Yogi Berra documentary shows the St. Louis native was more than just baseball
Lindsay Berra believes her grandfather deserves more respect for his career as a catcher for the New York Yankees.
That’s one of the themes behind a new documentary on St. Louis native Yogi Berra.
“It Ain’t Over” explores the baseball Hall of Famer’s career, his place in American culture and the love story with his longtime wife, Carmen.
Lindsay Berra is an executive producer of the Sean Mullin-directed documentary. Both sat down with St. Louis Public Radio’s Wayne Pratt to talk about the project and Yogi. (Edited for length and clarity)
Wayne Pratt: I want to channel my inner baseball geek.
Lindsay Berra: Sure. Let’s geek out!
Pratt: That 1950 season. He hit .322, 28 home runs and 124 runs batted in, but what I think is the most impressive is 12 strikeouts in nearly 600 at-bats. You would think those numbers would elevate his reputation among the baseball pundits, so to speak.
Berra: It's crazy because you would expect that baseball people, that the stat geeks, would think of him more often up in the top levels of catchers and of players of all time.
Pratt: And you did talk to some baseball people in the documentary who have somewhat of a knowledge of the game.
Bob Costas: He has one of the greatest World Series resumes of any player ever.
Vin Scully: Yogi was representing, not the big guys, but he was representing kind of us, the stickball kids in the street.
Billy Crystal: He was a giant. I mean, he was the most overlooked superstar in the history of baseball.
Pratt: So Sean, when you hear a cut like that, what makes you think about Yogi?
Sean Mullin: Well, I was thinking about those interviews actually. How great it was to sit down with those luminaries and discuss another luminary, Yogi. But as far as stats go with Yogi, my favorite stat that's not in the film, there are only two players in the history of baseball to finish in the top four of MVP voting seven years in a row: Yogi Berra and Mike Trout. He's not normally thought of in that kind of echelon of player.
Pratt: There's a couple more baseball moments I want to talk about. The 1956 perfect game by Don Larsen. How much did he talk about that?
Berra: He didn't bring it up so much on an everyday basis, but he was interviewed about it very often. So I heard him talk about it a lot. Grandpa calls that game, and Don does not shake him off in 97 pitches. Tony Kubeck says in the documentary it should be called the Larson-Berra perfect game because Grandpa was really the architect of that day.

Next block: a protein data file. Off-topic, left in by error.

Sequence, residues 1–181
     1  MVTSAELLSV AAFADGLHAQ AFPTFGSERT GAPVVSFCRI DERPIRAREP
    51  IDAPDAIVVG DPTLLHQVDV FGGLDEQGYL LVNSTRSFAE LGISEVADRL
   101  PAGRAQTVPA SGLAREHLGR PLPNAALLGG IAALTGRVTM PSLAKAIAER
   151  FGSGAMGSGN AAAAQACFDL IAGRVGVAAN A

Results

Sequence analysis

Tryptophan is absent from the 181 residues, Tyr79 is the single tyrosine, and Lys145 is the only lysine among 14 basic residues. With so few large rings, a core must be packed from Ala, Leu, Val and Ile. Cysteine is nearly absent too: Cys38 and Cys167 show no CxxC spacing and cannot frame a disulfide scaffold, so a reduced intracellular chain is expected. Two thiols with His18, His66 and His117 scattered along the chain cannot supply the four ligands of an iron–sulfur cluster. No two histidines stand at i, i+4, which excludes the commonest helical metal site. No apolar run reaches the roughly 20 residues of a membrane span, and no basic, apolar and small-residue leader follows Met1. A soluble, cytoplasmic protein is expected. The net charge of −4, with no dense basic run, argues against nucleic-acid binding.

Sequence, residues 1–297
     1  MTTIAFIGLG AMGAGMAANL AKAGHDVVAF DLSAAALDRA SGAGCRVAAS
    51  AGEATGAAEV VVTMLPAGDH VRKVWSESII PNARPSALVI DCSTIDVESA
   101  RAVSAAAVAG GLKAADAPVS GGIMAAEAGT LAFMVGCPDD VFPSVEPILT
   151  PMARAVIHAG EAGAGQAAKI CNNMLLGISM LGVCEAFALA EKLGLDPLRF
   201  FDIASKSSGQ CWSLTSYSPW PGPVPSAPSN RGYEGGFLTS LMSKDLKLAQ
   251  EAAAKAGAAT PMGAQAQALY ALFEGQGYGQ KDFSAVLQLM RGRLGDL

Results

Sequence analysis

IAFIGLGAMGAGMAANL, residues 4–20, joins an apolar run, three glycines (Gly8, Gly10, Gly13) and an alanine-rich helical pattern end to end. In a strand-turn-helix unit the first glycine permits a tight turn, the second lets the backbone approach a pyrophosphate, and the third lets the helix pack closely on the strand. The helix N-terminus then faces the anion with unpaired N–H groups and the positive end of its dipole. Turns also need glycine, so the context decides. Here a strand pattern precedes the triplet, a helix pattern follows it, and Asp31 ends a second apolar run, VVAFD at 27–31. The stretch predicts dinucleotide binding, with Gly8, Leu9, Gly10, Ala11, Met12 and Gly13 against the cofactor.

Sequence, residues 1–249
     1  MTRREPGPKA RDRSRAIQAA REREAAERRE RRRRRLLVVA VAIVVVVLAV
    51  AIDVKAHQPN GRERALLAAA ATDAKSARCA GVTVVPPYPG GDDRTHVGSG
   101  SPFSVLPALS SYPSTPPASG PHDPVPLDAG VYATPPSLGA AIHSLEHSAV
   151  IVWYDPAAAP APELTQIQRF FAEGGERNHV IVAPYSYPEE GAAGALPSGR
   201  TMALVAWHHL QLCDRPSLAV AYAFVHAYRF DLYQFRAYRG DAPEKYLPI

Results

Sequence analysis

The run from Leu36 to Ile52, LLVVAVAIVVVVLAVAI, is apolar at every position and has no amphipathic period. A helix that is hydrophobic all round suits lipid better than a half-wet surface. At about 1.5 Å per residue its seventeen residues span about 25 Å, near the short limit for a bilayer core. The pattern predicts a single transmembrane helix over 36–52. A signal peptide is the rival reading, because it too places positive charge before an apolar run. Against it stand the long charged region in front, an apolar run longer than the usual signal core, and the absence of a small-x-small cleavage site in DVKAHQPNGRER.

Pratt: Another World Series game. It's against the Dodgers. Jackie Robinson is on third base and he takes off ...
Announcer: Yankee catcher Yogi Berra roars in protest, but Jackie Robinson has stolen home. The most exciting moment in World Series history.
Pratt: I'm under the impression after seeing the documentary that he never got over that call.
Berra: No, it was so funny. It would crack me up. We would be out in public somewhere and someone would come up to Grandpa and want to ask him about that, and they would get the first syllable of Jackie's name out. They would go, “Was Ja?” and Grandpa would go, “Out! He was out!
I like to take a 30,000-foot view of that play. And it doesn't really matter whether Jackie was safe or out, what matters is that he was in. I think that if baseball doesn't integrate the country doesn't get where it's going with the Civil Rights Movement. I was always very proud of Grandpa for his position and kind of how he helped with the integration of baseball just by not saying no.
Pratt: And that extended into other areas as well where he was an ally for several groups.
Berra: He didn't really care who you were, where you were from, what you looked like. He just cared what you brought to the table. Later in Grandpa's life, he did become an LGBTQ ally because it's the right thing to do.
Pratt: Sean, when this project first came to your mind - How am I going to do this? Where's the drama? It came across to me like a love story on several levels.
Mullin: Well, absolutely. I mean, love is what it's all about, right? That's why we're all here.
So you know, I wanted to find a way to really showcase the extraordinary love that Yogi had definitely for his wife, Carm. They had a 65-year relationship that was really just incredible.
Pratt: How do you think his upbringing here on the Hill in St. Louis impacted the rest of his life?
Berra: I think it gave him a tremendous work ethic. The Hill really shaped who he was.
He was a St. Louis fan his entire life. He watched more Cardinals games than Yankee games. He came back here whenever he had a chance. And cousin Mary Francis, who's my aunt, Grandpa's sister, Josie's daughter still lives in the house on the Hill. So, the Berra roots are still very firmly here in St. Louis.
Pratt: “It Ain't Over” had its St. Louis debut recently. Director Sean Mullin and executive producer Lindsay Berra, Yogi Berra's granddaughter, thank you both for your time.
Berra: Thanks so much for having me. Go to the movies, folks.
Mullin: Please bring everyone.